“We recognize banking access is only one part of the problem facing minority cannabis businesses today. But let’s start somewhere and get done now what we can.”

By Frederika McClary Easley, The People’s Ecosystem

In February, the U.S. House of Representatives for a sixth time passed the Secure and Fair Enforcement (SAFE) Banking Act—this time attached to the America COMPETES Act, the comprehensive package aimed at enhancing U.S. leadership in science, innovation and competitiveness.

The purpose of the legislation is to protect banks from money laundering charges for providing loans and other financial services to state-legal cannabis businesses. Many argue that the passing of the SAFE Banking Act is a matter of health and safety due to the large amounts of cash that businesses are forced to have on hand and the lack of access to traditional loans.

Senate Majority Leader Chuck Schumer (D-NY) and Sens. Cory Booker (D-NJ) and Ron Wyden (D-OR)—who are working to introduce the Cannabis Administration Opportunity Act (CAOA)—have expressed the need for a comprehensive approach. And Sen. Sherrod Brown (D-OH), who chairs the Senate Banking Committee, has shared his preference to have the SAFE Banking Act paired with drug sentencing reform.

The People’s Ecosystem, a 70 percent BIPOC-, women- and LGBTQ-owned and led business that successfully transitioned from the legacy to the regulated industry, has experienced firsthand the danger and inconvenience, and has been subject to predatory practices with financial institutions.

Our dispensary was physically damaged by a vehicle intentionally being driven into it during a robbery attempt. We have had to deal with up to 40 percent interest rates for loans and have had accounts closed more times than we can count. Harm is being repurposed and specifically disparately impacting social equity entrepreneurs. Not addressing this issue and instead choosing to play political games is perpetuating barriers to capital and economic services. That’s why The People’s Ecosystem is in support of the SAFE Banking Act.

We recognize there are still major disparities in our banking system felt by Black, Latinx and indigenous patrons. Data shows that Black-owned businesses are twice as likely to be denied financing, and if loans are approved, they are also more likely not to receive the full amount for which they applied.

Black, Latinx and indigenous individuals and communities that have historically been discriminated against in the banking system need protection from biased decision-making individuals and structures, guidance with navigating the lending process and preparation in order to receive sought-after outcomes. Accountability measures must be married with timelines and a scope that ensures that the intended people and communities which are owed harm repair are the actual recipients of funds and other financial allowances.

The SAFE Banking Act acknowledges the existence of inequality through its language mandating diversity and inclusion reports and a study to be conducted by the Government Accountability Office. While those measures do not go far enough to address the issue, it is a step in the direction toward righting the wrongs of the past.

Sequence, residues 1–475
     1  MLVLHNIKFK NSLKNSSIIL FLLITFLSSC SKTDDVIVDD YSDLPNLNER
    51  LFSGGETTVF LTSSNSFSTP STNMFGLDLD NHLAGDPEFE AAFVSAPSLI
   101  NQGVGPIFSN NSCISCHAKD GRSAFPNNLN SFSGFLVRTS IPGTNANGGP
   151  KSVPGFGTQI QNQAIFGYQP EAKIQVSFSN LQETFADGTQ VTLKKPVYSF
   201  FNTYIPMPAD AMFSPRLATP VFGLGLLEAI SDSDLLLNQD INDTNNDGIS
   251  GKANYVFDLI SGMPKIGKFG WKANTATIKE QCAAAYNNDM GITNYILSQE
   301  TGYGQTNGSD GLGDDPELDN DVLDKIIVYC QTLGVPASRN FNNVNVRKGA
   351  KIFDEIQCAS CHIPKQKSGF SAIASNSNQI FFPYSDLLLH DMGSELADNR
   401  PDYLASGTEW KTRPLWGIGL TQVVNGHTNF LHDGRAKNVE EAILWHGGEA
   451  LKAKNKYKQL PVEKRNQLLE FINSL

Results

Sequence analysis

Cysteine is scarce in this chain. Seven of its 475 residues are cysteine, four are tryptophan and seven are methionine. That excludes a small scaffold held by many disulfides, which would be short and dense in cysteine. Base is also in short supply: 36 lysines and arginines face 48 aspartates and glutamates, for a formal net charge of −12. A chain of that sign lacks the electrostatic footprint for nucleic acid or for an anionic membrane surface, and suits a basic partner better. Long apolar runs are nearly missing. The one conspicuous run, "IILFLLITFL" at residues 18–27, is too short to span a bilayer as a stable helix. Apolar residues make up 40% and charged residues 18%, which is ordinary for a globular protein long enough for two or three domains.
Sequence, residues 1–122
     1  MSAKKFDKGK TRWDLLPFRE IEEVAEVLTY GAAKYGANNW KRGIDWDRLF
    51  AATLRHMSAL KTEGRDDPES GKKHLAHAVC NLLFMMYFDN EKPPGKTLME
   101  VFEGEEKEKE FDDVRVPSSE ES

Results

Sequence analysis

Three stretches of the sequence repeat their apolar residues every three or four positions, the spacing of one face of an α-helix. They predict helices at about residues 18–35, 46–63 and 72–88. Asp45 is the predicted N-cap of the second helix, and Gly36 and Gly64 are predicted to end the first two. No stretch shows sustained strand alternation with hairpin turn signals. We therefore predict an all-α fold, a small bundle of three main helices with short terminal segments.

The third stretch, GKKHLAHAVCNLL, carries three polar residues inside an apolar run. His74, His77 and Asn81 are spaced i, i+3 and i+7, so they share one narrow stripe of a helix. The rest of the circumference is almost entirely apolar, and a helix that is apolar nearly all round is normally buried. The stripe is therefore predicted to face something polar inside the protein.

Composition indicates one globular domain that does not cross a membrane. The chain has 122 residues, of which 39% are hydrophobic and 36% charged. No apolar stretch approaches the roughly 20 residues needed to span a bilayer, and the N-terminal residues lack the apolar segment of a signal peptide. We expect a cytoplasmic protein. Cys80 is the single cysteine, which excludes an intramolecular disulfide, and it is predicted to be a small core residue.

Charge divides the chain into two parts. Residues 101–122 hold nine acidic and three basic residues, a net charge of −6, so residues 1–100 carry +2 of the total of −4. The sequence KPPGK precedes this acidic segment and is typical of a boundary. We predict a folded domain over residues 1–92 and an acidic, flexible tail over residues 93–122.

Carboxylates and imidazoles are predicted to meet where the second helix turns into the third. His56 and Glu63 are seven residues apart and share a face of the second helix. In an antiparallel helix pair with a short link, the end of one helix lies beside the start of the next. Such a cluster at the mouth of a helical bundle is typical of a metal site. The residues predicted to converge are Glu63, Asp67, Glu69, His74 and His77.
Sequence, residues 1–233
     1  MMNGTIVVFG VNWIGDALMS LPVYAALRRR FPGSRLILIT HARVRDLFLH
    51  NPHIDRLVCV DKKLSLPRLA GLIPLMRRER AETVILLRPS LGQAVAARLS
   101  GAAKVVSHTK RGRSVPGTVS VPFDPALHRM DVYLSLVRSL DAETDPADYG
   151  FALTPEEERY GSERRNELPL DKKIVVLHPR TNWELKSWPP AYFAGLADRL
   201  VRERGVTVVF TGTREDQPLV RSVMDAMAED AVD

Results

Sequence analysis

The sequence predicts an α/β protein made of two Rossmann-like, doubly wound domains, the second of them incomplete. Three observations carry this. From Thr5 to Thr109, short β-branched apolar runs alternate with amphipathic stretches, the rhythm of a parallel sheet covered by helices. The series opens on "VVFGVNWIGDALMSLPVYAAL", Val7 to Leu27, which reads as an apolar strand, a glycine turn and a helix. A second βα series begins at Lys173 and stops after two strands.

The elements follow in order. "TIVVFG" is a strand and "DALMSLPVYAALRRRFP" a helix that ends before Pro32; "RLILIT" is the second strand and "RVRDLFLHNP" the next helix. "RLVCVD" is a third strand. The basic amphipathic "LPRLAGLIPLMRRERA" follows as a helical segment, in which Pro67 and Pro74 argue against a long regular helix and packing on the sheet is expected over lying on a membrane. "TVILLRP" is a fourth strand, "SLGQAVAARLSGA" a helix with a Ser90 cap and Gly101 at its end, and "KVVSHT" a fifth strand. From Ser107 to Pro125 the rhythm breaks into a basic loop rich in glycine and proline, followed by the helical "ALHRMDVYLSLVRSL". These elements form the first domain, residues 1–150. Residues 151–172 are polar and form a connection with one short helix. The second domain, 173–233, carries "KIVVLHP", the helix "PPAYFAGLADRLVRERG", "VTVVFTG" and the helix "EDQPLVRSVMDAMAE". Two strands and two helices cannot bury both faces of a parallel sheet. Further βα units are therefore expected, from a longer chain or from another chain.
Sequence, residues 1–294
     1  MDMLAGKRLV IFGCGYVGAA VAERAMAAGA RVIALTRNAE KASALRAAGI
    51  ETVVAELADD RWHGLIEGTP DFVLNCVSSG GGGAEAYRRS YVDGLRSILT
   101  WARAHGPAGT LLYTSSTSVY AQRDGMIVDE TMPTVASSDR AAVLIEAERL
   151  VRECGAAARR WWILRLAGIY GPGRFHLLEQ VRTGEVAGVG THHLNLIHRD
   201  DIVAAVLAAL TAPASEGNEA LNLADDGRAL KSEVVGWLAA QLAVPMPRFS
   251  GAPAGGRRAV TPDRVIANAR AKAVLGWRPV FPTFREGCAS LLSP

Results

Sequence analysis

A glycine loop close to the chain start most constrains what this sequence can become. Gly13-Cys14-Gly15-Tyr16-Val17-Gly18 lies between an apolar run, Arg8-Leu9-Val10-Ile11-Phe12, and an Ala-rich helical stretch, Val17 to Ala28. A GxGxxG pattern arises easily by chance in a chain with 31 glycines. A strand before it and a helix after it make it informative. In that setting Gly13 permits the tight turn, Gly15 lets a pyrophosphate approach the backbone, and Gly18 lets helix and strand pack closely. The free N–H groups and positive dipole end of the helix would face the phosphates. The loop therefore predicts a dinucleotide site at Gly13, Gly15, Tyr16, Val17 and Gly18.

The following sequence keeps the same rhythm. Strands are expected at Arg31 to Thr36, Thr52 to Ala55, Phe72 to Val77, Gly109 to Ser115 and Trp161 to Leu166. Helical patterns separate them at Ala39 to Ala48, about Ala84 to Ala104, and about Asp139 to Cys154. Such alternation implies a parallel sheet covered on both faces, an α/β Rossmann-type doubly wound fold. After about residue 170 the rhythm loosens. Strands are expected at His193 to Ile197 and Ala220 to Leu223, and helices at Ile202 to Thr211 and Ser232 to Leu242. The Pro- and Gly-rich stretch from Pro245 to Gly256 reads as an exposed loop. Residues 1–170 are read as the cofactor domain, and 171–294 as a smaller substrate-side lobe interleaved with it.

We appreciate Sen. Brown’s position that the SAFE Banking Act bill needs to be inclusive of sentencing reform and we look forward to working with Sens. Schumer, Booker and Wyden on their comprehensive bill; however, we need immediate relief.

There are BIPOC business owners right now who are paying exorbitant interest rates on loans for standard operating needs or legal business owners who cannot open a bank account—even for non-plant touching operations. Sixty votes are needed in the Senate for CAOA or any other sort of cannabis reform legislation. The votes don’t appear to be there to pass a broader bill, but we can’t let perfect be the enemy of the good.

We recognize banking access is only one part of the problem facing minority cannabis businesses today. But let’s start somewhere and get done now what we can. We need access to the banking system now as we continue the fight for social equity and sentencing provisions, broader banking service for all minority businesses and greater education and accountability measures.

Quite simply, SAFE Banking is social equity! Banking access and a huge step forward on federal cannabis reform that will catapult our country into a much-needed conversation around cannabis reform and kickstart broader, more comprehensive reforms.

To Sens. Schumer, Booker, Wyden and Brown: to continue to block the SAFE Banking Act is to be against social equity and thousands of state-legal businesses in your states and across the country who desperately need help. Please pass SAFE Banking as soon as possible.

Frederika McClary Easley is the Director of Strategic Initiatives at The People’s Ecosystem and host of The People are Blunt podcast.

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